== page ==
China’s first hard seltzer company LINGYA rebrands to ZEYA and outlines local and regional strategy
Founded in June 2020, the Shanghai-company first introduced six hard seltzer products in China, which were low calorie, and contained zero sugar.
They came in cucumber, blackberry, strawberry, white peach, grapefruit and passionfruit flavour variations.
The rebrand is part of the company’s vision to build a portfolio of different products apart from hard seltzers. This would possibly include carbonated tea and other alcoholic products in the future.
“Ling (零)” means zero in Chinese, representing zero sugar in its products, and “Ling YA (零呀)" together means zero pressure. According to co-founder, Eric Hoang, the company envisioned its products as a refreshing, fun and zero pressure drink.
“We created LINGYA because we wanted an entirely different approach to drinking. Through simple ingredients, our goal is to deliver all the flavour you expect from your other drinks, but with less of what’s bad for you for a refreshingly different experience.”
ZEYA is a combination of the terms, zero and LINGYA, which is easier and quicker to pronounce, Hoang explained.
ZEYA will re-launch with four flavours (cucumber, passion fruit, white peach, grapefruit), following consumer feedback.
The rebranding is set to take place in February, just ahead of the Chinese New Year festival.
Hoang relocated from US to China about two and a half years ago. “At that time, seltzers were blowing up in the US, and was already a billion-dollar category.”
Hoang told FoodNavigator-Asia there was a gap in the China market, which is dominated by baijiu and beer, for seltzers and female-friendly products.
“If you look at alcoholic offerings in China, it is geared towards baijiu or beer or spirits. There is not really another product category that really fits the female demographic and so that led us to create ZEYA.”
ZEYA’s hard seltzers (3.8% ABV) are a blend of soda water, distilled vodka, erythritol (sweetener), infused with fruit essence.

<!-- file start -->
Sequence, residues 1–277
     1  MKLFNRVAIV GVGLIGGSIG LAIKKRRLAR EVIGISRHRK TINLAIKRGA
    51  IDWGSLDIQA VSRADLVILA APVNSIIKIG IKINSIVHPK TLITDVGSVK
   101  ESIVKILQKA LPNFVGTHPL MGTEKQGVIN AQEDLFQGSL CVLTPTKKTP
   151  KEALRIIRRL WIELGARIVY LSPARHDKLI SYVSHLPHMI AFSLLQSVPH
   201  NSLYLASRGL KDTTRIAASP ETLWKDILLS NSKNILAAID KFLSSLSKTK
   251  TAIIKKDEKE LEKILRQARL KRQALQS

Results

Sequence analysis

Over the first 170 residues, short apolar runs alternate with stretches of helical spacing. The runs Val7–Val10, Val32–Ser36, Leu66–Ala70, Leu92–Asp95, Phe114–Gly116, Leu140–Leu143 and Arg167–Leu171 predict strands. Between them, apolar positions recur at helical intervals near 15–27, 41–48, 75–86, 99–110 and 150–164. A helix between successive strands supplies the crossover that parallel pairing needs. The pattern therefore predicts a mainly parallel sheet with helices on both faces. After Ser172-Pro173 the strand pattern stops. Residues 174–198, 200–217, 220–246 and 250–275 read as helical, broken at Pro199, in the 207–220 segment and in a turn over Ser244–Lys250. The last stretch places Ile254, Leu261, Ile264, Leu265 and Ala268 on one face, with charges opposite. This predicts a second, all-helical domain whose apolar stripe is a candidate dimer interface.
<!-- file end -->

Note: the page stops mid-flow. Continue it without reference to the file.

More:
Hoang observed that female consumers in China were increasingly more health conscious, “starting to notice calories, sugar, and reading labels, so we really feel that this (female) demographic is going to help drive the growth of the hard seltzer category in China.”
The company sources most of its ingredients from China.
They are manufactured in an existing beer facility owned by ZEYA’s other co-founder, located near Shanghai.
Its best-selling flavour is cucumber, which Hoang attributes to consumer familiarity in cocktails.
The company intends to launch one to two new flavours every year, and maybe a seasonal flavour if applicable.
It initially launched through on-premise channels such as bars and restaurants, which helped raised awareness of hard seltzers in China.
It has since pivoted to D2C, mainly through its WeChat official store, which make up about 70% of its sales. On-trade accounts for the other 30%. This year, ZEYA is focusing on expanding its e-commerce presence and getting into off-trade, primarily large supermarkets and grocery stores.
The company ships across nationwide in China, although in-store purchases are mostly still in Shanghai.
“41% of our customers have re-ordered, and these customers typically order an average of 10 cans every month,” Hoang told us.
“Right now, we have loyalty and retention, what we don’t have is reach, which can be achieved once we focus more on marketing.”
Hoang is eyeing expanding into other cities in Asia-Pacific such as Singapore, Hong Kong, and Taipei.
“We think that fits our branding and our strategic position better than if we were to try to expand into the rest of China especially in lower tier cities which would warrant a different strategy. So, our focus now is to win the tier one cities in China, and then look to expand elsewhere.”
The company is currently in talks with a distributor in Singapore.
In China, smaller independent companies have started entering the hard seltzer space, instead of big players - the exception being Anheuser-Busch InBev.
Hoang said most companies were still testing the market, “because people don’t know how it’s going to perform in China.”
However, Hoang is hopeful the category will grow substantially over the years, adding: “We think there is an unmet need for this category, it’s just no one will know how big it is going to be yet.
“It is very hard to change consumption habits, especially in China where people have been accustomed to drinking beer and baijiu for so long.”